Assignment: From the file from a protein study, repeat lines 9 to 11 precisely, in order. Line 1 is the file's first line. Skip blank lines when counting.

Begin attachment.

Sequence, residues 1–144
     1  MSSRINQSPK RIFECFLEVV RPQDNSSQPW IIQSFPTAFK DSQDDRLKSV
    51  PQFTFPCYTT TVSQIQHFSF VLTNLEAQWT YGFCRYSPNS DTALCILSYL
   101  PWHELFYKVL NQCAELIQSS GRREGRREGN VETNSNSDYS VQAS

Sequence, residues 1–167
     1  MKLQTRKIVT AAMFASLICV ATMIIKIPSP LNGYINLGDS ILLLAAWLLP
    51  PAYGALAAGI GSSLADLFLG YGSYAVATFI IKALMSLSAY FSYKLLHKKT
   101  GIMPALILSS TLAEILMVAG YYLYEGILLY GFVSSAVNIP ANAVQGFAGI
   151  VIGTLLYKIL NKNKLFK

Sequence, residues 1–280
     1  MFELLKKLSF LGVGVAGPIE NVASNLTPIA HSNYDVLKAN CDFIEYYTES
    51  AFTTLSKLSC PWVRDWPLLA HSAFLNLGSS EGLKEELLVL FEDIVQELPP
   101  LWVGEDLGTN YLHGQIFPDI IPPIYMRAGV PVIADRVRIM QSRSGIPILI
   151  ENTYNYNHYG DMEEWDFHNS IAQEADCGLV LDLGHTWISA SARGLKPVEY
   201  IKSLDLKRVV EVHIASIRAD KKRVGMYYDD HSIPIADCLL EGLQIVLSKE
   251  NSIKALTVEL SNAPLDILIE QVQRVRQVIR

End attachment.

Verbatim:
   151  VIGTLLYKIL NKNKLFK

Sequence, residues 1–280
     1  MFELLKKLSF LGVGVAGPIE NVASNLTPIA HSNYDVLKAN CDFIEYYTES